Day 137 The Prairies: Havre Homecoming - Grampies on the Go - CycleBlaze

September 14, 2011

Day 137 The Prairies: Havre Homecoming

Sleep was somehow more difficult last night, though we each grabbed a double seat to try to stretch out in. Maybe we are getting too tired now to sleep properly. One advantage was watching the sunrise.

Sunrise on the Prairies
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It feels funny to be back on the Prairies.The train has brought us here with what feels like lightening speed. On a plane we would never really be here, and so would not adjust to it. But at Rugby I actually trod the Prairie soil again.

Many fields are still flooded
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Breakfast! The juice was given to us by Ken and Rhonda at the campground by Lake Champlain. Now it is keeping us alive in North Dakota.
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Here it is folks, Rugby North Dakota - the geographical centre of North America. Did you think it would look like this?
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It's cold
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When we left they were struggling to seed. Now when our backs were turned, they have already harvested.
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Having eaten through much of the stuff we brought on board, we succumbed to hunger and made our way to the dining car for lunch. The place has only one thing in common with Schwartz's and that is that you get jammed in at the same table with someone else. We got to sit with Bill and Nell, a couple who were going by train all the way from South Carolina to Seattle and then by ship to Alaska.

This cross continent odyssey was itself worthy of some UQs, and for example we found that this is not the first time they have done it. Since both are 80 or better, it's an impressive trip.

Nell in particular was proud of her southern heritage and accent, and they referred to the Civil War as the war of Northern Aggression.

The food offering turned out to be fairly reasonable, in its cheese burgery way. The burgers were thick and had good amounts of lettuce, tomato, and onion. Cost: $11.50 each. One of the servers was very sweet and the other had a real attitude problem, making for a null score on service. Overall, then, the dining service gets a passing grade.

The dining car is clearly overloaded, though, and we are on a waiting list for after the last seating. Beverly, though, sent us up some muffins from her store of carried on stuff, so actual starvation is unlikely!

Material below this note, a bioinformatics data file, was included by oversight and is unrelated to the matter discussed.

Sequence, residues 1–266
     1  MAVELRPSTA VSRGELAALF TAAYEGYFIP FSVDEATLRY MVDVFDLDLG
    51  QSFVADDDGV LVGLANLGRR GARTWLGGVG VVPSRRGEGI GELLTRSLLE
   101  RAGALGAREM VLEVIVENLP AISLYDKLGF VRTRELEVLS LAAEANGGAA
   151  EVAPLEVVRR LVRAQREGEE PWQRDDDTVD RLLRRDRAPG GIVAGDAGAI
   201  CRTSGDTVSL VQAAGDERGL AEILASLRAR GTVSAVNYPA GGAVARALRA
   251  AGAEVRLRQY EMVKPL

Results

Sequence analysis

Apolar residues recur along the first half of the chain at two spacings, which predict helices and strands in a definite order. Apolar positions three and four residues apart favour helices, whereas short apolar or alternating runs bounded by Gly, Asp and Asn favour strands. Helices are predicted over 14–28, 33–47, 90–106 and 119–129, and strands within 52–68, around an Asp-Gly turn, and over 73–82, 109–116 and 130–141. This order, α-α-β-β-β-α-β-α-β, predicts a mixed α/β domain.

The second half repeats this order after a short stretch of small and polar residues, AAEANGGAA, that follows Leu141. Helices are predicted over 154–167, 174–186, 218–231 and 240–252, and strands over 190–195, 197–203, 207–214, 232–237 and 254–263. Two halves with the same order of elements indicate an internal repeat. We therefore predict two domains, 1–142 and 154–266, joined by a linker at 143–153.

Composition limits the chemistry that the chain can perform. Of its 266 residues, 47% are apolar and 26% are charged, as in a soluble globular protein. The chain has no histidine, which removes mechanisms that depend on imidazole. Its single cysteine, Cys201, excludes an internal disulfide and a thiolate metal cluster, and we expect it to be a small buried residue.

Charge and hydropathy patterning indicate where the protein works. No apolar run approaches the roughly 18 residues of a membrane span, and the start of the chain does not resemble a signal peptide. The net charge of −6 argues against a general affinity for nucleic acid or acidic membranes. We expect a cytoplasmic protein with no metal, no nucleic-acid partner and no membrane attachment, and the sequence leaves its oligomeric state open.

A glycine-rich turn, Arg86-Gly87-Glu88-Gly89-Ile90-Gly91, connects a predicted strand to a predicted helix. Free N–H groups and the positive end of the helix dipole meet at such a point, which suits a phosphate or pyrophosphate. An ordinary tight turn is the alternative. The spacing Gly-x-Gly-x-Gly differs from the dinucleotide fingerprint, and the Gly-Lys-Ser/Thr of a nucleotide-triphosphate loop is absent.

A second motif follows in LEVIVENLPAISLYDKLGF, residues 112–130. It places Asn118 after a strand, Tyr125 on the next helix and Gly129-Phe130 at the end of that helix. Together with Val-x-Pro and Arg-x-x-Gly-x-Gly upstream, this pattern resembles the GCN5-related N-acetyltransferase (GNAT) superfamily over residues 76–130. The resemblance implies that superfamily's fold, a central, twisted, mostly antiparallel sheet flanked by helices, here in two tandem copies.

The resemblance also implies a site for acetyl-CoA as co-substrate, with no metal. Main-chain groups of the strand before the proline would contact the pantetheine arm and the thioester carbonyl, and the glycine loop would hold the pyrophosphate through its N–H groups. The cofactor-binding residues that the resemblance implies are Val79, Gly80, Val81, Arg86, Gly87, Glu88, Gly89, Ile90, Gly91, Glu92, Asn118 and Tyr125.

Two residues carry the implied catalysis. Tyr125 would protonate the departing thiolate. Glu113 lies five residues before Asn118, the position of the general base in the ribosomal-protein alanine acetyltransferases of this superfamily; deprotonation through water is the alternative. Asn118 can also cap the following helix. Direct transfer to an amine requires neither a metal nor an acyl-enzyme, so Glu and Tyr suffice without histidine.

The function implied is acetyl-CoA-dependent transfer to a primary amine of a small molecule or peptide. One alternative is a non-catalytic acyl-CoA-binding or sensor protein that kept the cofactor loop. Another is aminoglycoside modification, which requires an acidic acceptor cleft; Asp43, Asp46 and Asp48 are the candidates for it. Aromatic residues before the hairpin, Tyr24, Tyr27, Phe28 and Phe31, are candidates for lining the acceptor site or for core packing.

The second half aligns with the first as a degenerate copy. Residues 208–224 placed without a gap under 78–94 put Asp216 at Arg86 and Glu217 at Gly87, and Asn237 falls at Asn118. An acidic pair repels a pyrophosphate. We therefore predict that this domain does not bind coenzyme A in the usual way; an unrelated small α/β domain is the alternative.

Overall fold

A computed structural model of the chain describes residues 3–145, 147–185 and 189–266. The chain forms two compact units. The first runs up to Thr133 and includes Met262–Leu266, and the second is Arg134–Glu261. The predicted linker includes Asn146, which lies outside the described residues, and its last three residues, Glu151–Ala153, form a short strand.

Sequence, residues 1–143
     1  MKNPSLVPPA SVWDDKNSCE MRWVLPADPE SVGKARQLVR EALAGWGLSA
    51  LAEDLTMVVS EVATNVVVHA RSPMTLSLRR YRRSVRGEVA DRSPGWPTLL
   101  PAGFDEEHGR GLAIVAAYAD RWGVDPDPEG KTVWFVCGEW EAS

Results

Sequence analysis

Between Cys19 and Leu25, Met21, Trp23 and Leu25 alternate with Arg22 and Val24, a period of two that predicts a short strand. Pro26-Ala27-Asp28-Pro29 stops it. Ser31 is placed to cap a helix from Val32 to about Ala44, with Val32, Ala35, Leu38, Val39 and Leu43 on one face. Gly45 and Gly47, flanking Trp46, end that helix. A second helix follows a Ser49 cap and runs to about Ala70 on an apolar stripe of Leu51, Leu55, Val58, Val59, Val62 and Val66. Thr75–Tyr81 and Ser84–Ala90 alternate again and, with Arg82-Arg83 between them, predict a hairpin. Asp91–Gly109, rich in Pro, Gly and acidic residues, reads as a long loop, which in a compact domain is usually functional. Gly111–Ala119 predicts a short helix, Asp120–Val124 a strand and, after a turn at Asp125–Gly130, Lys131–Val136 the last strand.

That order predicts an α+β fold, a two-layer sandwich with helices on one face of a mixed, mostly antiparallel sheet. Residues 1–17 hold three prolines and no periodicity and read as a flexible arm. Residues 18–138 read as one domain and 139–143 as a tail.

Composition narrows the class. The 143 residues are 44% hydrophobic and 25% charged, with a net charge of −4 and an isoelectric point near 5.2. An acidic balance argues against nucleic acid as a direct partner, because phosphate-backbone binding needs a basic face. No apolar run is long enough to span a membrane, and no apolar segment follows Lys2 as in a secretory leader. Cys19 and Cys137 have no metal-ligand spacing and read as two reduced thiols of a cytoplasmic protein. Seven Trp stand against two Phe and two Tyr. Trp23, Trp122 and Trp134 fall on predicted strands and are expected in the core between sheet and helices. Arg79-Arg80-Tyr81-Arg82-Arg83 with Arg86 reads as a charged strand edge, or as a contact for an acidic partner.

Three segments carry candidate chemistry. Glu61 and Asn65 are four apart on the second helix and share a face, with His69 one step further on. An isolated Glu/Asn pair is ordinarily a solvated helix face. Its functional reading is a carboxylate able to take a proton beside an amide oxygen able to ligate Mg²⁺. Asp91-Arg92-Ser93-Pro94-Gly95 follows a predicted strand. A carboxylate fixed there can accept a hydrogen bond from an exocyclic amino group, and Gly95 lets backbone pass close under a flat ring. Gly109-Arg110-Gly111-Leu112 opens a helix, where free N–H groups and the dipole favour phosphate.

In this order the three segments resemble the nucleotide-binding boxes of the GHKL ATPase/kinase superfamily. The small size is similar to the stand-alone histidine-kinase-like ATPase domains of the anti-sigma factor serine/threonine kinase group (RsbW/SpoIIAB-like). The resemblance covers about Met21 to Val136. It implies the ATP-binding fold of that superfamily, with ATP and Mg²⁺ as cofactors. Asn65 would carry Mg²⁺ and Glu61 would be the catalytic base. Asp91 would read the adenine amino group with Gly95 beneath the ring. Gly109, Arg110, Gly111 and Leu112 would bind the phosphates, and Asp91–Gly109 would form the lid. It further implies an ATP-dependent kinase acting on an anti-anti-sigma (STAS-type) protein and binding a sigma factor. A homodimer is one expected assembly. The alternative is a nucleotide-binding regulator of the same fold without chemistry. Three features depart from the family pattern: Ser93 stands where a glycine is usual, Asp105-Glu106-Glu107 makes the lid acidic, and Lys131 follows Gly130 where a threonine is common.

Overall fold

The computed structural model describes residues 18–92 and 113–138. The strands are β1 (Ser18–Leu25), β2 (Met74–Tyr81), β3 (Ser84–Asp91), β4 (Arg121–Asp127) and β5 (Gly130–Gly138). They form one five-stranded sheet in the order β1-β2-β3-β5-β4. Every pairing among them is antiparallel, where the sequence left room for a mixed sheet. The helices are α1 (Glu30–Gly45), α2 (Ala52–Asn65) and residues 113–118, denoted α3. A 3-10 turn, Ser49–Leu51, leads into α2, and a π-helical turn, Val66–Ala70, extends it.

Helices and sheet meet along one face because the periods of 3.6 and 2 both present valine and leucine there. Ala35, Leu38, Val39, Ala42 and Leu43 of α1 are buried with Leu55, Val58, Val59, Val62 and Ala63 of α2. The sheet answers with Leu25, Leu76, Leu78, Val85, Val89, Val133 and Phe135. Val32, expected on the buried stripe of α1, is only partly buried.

About Beverly, here is a further shot of her and the kids, taking advantage of one of the rare stops where there is time for a quick run around. From what we can see the kids have been golden, quite something for youngsters confined for so long.

Beverly and kids get a chance to leave the train
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The North Dakota landscape is not all flat.
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Now, around 3, we are rolling in to Havre. The train has given glimpses of our famous and familiar highway 2 all along, but Havre is where we struck North from all those days and months ago, so it's a bit of a home coming. Also, now that we are in Montana we realize that each mile brings us closer to Avi and Violet. That is, until Whitefish, where each each mile will rip us further away again. Sniff! But never fear, we will be back.

Hah, this tanker on highway 2 can not get to us!
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We pass through a small oil patch
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Bill and Nell from Myrtle Beach, South Carolina. They say the landscape there is mostly "golf courses"
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The train in spots has touched on the route we followed East on the bikes. One major point of convergence is Havre. Here is where we came up from Missoula and briefly rode on highway 2 before striking North to Saskachewan. Havre has a number of historic buildings, but lacked much charm overall. It is a centre for the Burlington Northern Santa Fe railroad, the descendant of the Great Northern, which ran the original Empire Builder, starting with that name in 1929.

It was nostalgic to look at the town again, this time from the tracks that we had earlier looked upon from the road. We spotted again the red and white laundry building, and the buffalo jump - now concealed behind a shopping mall.

The station at Havre
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The backside of the statue of James Hill - the "Empire Builder". Also visible is the corner of RJ's pub and steak house. We deemed it too sketchy when we were on the bikes at the front side of this scene.
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Unlike the Lakeshore, the Empire Builder has its own publication that does explain much about the train. Also the on board staff has taken care to introduce riders that come on at various stations to the "shift lever" and the intricacies of where is the restroom, lounge, dining car, etc.
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Grammie and baby are united at Shelby. Beverly did a great job of shepherding her four kids this far.
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The mountains suddenly appear in the West
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East Glacier looks more like a prairie town than a mountain resort. It was dark by the time we reached West Glacier, but in the dark it looked much more Jasper-like.
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This is all we saw of the mountains before night fell.
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